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Kate Shelley (1881)

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  • Kate Shelley (1881)

    Kate Shelley

    The year was 1881. The place, Des Moines, Iowa. Kate Shelley, who was only 15 years old, lived in a farmhouse in the beautiful valley of North Creek. She lived there with her mother (a railroaders widow) and her 5 other siblings. The Chicago and North Western Railroad ran right past the Shelley house. The particular day was July 6th, it was late in the afternoon, and a terrible rainstorm began to flood the creek in front of the Shelley home.

    At 11:00pm an engine stationed at Moingona, the closest village, was ordered, "A run to Boone and back regardless of all other trains and the weather." The train left the station with 4 men on board. As the train passed the Shelley house, two men were standing on the outside of the engine checking for washed out tracks. Then the train made its way onto the Honey Creek Bridge, when out of nowhere, CRASH!! The bridge had broken.

    "They've gone down!" Kate shouted to her mother. Kate jumped to her feet and sprang into action because she knew a passenger train would be on these same tracks shortly. With only a jacket, a straw hat and a tiny miner's lantern, Kate ran out into the stormy night.

    Kate made her way along the bluff, on the backside of her house, to the railroad tracks. She followed the tracks to the Honey Creek Bridge, where she found the men and wrecked engine in the water below. Kate knew the Midnight Express would be at this very same spot soon and they too would plunge into the abyss below…unless she could somehow stop it. Quickly, she decided she must go to Moingona and stop the passenger train. The town was only a mile and a quarter away, but first she would have to cross the Des Moines River wooden bridge.

    So she just started running. Soon she reached the river and the bridge. The water had never been this high before. At least Kate had never seen it this high before. (Now, prior to all of this happening, some of the planking had been removed from the Des Moines River Bridge to help discourage pedestrians from using it. The ties were placed a pace apart and had been studded with rusty spikes and nails. So, Kate would have to plan her steps just right in order to get across.) As Kate stood before the bridge planning her path, a gust of wind extinguished her light. She was now left in total darkness.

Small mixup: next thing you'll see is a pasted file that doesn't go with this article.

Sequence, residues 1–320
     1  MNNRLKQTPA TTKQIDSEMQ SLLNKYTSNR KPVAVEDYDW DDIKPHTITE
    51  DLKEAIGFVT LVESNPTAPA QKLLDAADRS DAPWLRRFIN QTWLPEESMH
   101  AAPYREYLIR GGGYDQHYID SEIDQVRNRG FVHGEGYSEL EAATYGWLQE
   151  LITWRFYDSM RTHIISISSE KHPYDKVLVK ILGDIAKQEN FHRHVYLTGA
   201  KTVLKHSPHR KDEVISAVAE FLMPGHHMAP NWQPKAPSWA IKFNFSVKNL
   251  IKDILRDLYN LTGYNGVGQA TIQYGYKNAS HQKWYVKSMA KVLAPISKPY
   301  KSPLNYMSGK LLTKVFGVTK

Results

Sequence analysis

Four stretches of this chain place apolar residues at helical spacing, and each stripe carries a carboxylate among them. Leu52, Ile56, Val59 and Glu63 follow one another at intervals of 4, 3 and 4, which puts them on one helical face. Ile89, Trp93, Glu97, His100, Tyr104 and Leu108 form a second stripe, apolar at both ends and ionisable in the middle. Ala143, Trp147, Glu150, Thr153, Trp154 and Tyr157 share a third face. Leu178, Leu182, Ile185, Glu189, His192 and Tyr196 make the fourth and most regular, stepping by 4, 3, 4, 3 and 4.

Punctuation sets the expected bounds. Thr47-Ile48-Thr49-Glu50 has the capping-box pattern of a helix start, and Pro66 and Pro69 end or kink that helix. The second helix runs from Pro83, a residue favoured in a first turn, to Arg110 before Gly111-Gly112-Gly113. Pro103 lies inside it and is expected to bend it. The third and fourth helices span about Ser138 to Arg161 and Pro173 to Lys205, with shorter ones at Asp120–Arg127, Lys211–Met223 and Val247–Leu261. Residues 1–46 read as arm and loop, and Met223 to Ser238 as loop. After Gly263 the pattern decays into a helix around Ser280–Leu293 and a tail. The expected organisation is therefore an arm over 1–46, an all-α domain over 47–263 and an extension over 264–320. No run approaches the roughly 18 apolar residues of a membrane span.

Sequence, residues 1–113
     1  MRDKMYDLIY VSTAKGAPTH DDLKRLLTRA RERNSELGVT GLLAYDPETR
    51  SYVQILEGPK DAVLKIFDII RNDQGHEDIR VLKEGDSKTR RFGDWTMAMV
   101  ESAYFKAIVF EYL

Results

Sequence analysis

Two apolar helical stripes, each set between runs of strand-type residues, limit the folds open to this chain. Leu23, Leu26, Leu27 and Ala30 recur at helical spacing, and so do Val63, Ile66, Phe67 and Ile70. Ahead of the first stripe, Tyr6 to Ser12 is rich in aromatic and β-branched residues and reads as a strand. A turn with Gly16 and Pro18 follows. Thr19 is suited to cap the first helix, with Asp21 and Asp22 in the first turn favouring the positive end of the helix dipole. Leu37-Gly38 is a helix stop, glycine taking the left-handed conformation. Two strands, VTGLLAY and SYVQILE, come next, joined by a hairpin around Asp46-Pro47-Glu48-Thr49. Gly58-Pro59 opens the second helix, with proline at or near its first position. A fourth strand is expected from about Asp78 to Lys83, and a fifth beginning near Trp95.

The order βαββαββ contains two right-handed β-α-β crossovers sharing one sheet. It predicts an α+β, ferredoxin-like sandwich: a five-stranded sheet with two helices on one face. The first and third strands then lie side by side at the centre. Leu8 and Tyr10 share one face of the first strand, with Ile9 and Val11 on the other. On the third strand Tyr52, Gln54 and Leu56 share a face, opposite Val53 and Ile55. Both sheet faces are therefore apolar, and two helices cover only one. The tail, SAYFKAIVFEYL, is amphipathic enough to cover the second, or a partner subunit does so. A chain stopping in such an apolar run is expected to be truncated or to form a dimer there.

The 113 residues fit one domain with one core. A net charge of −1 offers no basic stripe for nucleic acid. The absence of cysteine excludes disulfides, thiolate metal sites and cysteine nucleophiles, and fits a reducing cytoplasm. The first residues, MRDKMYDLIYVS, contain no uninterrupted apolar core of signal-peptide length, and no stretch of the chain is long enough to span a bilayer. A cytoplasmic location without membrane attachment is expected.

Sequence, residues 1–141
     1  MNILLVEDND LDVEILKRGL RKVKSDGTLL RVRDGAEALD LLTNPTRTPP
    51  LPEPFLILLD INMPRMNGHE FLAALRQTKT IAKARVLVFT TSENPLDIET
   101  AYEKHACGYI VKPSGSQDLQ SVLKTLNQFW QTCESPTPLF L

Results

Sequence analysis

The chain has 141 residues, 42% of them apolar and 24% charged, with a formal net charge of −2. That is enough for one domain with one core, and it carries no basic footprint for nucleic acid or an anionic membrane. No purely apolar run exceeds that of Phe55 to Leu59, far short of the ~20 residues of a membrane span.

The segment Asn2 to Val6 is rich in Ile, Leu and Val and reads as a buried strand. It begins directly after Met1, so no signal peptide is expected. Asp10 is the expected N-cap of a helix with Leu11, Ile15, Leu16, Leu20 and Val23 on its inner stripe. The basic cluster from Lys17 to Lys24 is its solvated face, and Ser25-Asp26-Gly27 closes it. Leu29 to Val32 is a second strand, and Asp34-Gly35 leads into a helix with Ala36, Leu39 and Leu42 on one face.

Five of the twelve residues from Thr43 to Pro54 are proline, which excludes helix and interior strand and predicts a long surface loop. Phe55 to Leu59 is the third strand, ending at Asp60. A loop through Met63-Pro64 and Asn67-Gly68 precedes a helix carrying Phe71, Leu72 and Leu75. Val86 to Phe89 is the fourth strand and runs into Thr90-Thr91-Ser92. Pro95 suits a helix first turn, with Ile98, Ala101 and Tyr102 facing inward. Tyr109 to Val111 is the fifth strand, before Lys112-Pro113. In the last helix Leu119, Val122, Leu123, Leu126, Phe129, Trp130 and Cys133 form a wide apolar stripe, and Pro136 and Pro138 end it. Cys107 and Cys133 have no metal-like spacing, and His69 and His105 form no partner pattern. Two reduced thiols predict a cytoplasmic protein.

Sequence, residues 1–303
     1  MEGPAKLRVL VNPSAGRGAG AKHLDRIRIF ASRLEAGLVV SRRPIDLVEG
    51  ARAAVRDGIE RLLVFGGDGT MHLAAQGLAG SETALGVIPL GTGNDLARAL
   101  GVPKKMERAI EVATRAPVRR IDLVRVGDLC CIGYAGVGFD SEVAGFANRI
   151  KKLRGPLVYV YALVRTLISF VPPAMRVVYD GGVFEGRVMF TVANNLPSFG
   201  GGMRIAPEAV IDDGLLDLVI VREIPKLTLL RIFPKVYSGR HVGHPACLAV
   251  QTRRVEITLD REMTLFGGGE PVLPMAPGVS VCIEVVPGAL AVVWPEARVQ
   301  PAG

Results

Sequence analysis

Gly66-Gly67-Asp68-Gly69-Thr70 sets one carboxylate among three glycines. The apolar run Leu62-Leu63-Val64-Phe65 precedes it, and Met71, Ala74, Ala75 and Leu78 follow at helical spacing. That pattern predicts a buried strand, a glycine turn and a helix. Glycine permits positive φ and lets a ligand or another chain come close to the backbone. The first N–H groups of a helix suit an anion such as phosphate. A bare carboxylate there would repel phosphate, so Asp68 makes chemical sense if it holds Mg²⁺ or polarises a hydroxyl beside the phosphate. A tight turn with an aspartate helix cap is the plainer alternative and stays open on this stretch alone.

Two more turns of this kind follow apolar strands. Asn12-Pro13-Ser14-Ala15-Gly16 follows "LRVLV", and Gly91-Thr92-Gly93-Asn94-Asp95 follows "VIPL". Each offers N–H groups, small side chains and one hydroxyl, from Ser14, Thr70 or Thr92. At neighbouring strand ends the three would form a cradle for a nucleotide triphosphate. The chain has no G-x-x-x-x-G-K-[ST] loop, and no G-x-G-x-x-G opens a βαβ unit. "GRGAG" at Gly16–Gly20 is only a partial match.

Here's the good part. Terrified and freezing, Kate dropped to her knees, and began to crawl across the wooden trestle. Sure she was scared, but she just could not stop thinking of the drowning men and the Midnight Express. Her skirt got caught on nails, her knees got scraped, she lost her balance once…twice…then a sharp pain shot into her hand. OUCH!! A spike had gouged into her. But Kate continued on and on until at last, she felt solid ground below her. Yeah! She had made it across the bridge. You'd think she'd be exhausted right? But not our little Miss Kate. With what little strength she had left, she stood up and can you believe ran the final quarter mile to the station at Moingona.

    After telling her story to the station workers, they sounded an engine whistle, which alerted the town, and the red light at the signal was illuminated, which stopped the Midnight Express. Kate had done her job. The message had arrived in time. But she didn't stop there…she continued on by leading the workers back to the Honey Creek Bridge, where they were able to save 2 of the men.

    Kate was an instant hero. People came from miles to see the scene of the great rescue and tragedy. There were press and poems, articles and photos, and the Chicago Tribune helped to raise a fund to get the Shelley Family out of debt. Kate was one of the most famous women of her time. A new bridge has since been built and is now called the Kate Shelley Bridge.

  • #2
    Northern, thanks for the amazing piece of history. Got chill bumps on my arms as I read it. Can't imagine the terror for her on that nite.
    I may not be king..But..ITS GOOD TO BE QUEEN

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